Writing During the Holidays? Are You Kidding?
With the stress of the holidays upon us, it is hard to focus on writing. You are most likely overwhelmed with plans for family gatherings, getting gifts together, et cetera. So, how do we keep writing in such a maelstrom? It has always been hard for me to focus during the holidays as well. There is a lot going on. But, isn’t it necessary? I think some would argue that if you don’t exercise your writing muscles, they will atrophy.
So, what keeps you focused? An impending deadline? I’m sure that helps. It has for me before. Sometimes the threat of failure is incredibly motivating. LOL. I wonder, though, if that is apropos in every case. With the prevalence of indie publishing and one book contracts, some writers have self-imposed deadlines rather than official ones. Then, how do you stay accountable to yourself? Maybe you have a project or two in the works. Maybe you don’t, and they’ve sat on the back-burner for awhile. How do you make yourself move forward, especially during the holidays? Maybe a few basic techniques would help to keep you focused.
1. Freewriting. If you’ve never done any freewriting, you’re about to be surprised. Freewriting isn’t brainstorming or anything like that. True freewriting is writing whatever comes into your head, however crazy or mundane, without the use of your internal editor. Forget grammar. Forget punctuation. Just write for ten or twenty minutes. If none of it is useful, that’s fine. The idea is to get past all of the jumble of thoughts and worries we have every day, to dig deep in order to find something substantial. It may take a few tries before you see something interesting form there. It may read like a journal or diary entry at first. It may sound like a crazy person wrote it because it probably won’t make any sense. I usually leave the freewriting exercises alone for awhile and come back to them later, much later in fact. Occasionally, I’ll see a tidbit I can use. Maybe it’s just a piece of imagery, a metaphor that could really work. I have used some of them in poems before. I have also used them in fiction. Mostly, it’s nice to see what I was thinking then. Heck, even if you start with “I don’t know what to write” and follow that train of thought into uncharted territory, that works too. Remember: freewriting isn’t supposed to make sense. It’s just supposed to wipe away your mental cobwebs so that you can get down to something that you can work with.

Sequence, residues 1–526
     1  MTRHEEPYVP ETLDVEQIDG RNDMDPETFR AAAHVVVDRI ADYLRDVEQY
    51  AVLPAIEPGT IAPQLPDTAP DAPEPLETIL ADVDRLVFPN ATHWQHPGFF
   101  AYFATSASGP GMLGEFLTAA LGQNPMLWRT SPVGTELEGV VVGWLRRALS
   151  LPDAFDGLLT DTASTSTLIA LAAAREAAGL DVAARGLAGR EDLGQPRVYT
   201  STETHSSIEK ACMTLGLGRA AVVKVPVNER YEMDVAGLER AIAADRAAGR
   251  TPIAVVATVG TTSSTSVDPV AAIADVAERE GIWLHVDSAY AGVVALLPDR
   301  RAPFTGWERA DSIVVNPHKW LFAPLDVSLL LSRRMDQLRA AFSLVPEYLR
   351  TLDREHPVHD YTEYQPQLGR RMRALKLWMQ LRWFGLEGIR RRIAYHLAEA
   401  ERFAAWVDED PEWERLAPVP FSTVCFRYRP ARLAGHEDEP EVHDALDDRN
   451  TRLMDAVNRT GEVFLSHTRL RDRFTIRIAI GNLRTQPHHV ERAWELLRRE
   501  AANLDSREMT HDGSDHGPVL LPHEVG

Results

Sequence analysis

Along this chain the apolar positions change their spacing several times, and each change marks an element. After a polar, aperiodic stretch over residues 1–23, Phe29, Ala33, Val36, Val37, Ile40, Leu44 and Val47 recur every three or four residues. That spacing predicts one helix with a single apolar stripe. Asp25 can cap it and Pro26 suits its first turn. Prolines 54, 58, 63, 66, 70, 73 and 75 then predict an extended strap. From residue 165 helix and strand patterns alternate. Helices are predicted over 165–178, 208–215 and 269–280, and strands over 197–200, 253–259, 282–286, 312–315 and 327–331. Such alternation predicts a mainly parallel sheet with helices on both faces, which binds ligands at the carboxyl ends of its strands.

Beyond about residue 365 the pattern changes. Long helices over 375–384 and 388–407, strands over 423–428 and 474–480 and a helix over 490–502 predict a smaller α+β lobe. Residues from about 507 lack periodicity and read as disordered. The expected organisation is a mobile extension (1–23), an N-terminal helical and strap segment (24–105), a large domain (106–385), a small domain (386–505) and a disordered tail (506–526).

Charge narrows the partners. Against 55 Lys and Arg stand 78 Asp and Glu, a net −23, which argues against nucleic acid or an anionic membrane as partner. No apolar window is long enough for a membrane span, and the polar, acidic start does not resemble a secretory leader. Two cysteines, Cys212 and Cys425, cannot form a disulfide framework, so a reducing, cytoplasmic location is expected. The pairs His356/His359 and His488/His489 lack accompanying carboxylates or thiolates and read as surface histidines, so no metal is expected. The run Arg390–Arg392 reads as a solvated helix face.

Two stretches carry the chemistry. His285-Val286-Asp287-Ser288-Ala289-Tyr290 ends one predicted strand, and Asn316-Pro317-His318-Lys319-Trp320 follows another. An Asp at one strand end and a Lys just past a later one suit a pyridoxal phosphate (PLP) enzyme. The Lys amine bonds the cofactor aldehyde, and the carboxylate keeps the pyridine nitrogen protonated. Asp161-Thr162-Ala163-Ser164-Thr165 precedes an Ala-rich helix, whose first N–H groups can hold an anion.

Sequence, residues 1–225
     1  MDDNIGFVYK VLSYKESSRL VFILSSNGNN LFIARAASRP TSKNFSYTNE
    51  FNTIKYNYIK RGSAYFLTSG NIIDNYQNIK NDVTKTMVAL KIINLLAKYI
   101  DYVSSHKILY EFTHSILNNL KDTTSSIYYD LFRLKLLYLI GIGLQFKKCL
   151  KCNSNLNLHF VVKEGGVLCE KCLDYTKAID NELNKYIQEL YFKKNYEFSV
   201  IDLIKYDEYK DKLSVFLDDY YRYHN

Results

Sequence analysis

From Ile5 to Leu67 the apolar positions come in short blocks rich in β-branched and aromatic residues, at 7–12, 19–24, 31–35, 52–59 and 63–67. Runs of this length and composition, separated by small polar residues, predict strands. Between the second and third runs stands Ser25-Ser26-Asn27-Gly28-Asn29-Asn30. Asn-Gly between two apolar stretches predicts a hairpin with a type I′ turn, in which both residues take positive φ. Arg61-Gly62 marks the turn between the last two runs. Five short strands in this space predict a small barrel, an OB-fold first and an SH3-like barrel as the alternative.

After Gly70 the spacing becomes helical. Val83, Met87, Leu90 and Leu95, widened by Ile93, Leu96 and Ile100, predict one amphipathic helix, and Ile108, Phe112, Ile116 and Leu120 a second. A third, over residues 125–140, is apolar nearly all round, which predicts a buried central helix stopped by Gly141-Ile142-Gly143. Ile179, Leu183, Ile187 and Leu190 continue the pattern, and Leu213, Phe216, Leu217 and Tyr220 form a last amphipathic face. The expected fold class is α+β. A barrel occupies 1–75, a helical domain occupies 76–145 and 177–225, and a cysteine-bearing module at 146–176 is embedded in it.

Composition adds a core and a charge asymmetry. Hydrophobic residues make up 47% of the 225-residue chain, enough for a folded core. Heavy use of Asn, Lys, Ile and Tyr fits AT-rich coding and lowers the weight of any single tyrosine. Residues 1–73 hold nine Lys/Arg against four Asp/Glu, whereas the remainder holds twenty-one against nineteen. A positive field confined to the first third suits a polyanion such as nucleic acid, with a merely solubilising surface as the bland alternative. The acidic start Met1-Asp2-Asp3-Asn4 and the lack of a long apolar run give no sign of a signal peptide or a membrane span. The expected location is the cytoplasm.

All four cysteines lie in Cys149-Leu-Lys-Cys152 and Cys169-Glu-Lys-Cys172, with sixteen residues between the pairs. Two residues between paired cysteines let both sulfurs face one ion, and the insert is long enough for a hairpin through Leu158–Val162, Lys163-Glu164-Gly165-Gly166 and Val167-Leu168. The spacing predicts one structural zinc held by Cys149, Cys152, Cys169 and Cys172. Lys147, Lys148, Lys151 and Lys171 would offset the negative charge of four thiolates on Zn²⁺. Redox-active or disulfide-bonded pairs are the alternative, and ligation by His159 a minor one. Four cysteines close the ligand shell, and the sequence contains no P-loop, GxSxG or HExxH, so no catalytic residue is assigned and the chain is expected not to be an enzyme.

2. Brainstorming. Everyone knows what brainstorming is. You create a list of random ideas. I suppose they could be related to a topic as well. I always found bubbles kind of interesting and effective. You take a topic then free associate with that topic. Use the first words that come to mind and branch off until you have an entire paper full of words and bubbles. That could work for a poem or a piece of fiction. There is bound to be something there you can work with.
3. Lists. This time of year, I think we all make lists of what we need to make for a gathering or what gifts to buy. Take that a step further. When I am really working on a project, I make lists. What do I need to work on specifically? Research specific topics? Focus on characterization? What element of the story needs work? Make a list of what you need to do for your current project, even if it’s just an overview. You can always make detailed lists later. Believe me, it will help you feel more organized. This really helped me when I worked on the sequel to Upon Your Return, which I finished writing recently. I made lists of specific things that I needed to focus on. Most of these lists were research related, of course, because the story is a historical romance. But, I knew which sections of the manuscript needed more detail. If you want to make notes such as “page 25 – focus on this aspect of the character”, that is fine. Whatever will help you move forward should work. I find these lists incredibly motivating. It actually puts the whole project into perspective for me. Instead of looking at the book as this daunting thing, it suddenly seems feasible. The goal is in sight, and you can work on each individual item. Make a list of what you think you need to work on. You may make more lists later; you may not. It just depends on what stage you are at in your project. But, I still find lists to be a pretty effective tool.
If you have not read Natalie Goldberg’s Writing Down the Bones, I definitely recommend it. In my classes in college, it was the Creative Writing bible. Goldberg gives you a lot of helpful techniques to jump-start your writing. For me, Goldberg’s words were so inspirational that I bought several more of her books. But, that is neither here nor there. If you can’t obtain a copy of Writing Down the Bones, at least consider the above techniques if you are stuck with your writing.
We all need a little push sometimes. During this time of year, I think we can use all the help we can get. Happy writing, everyone!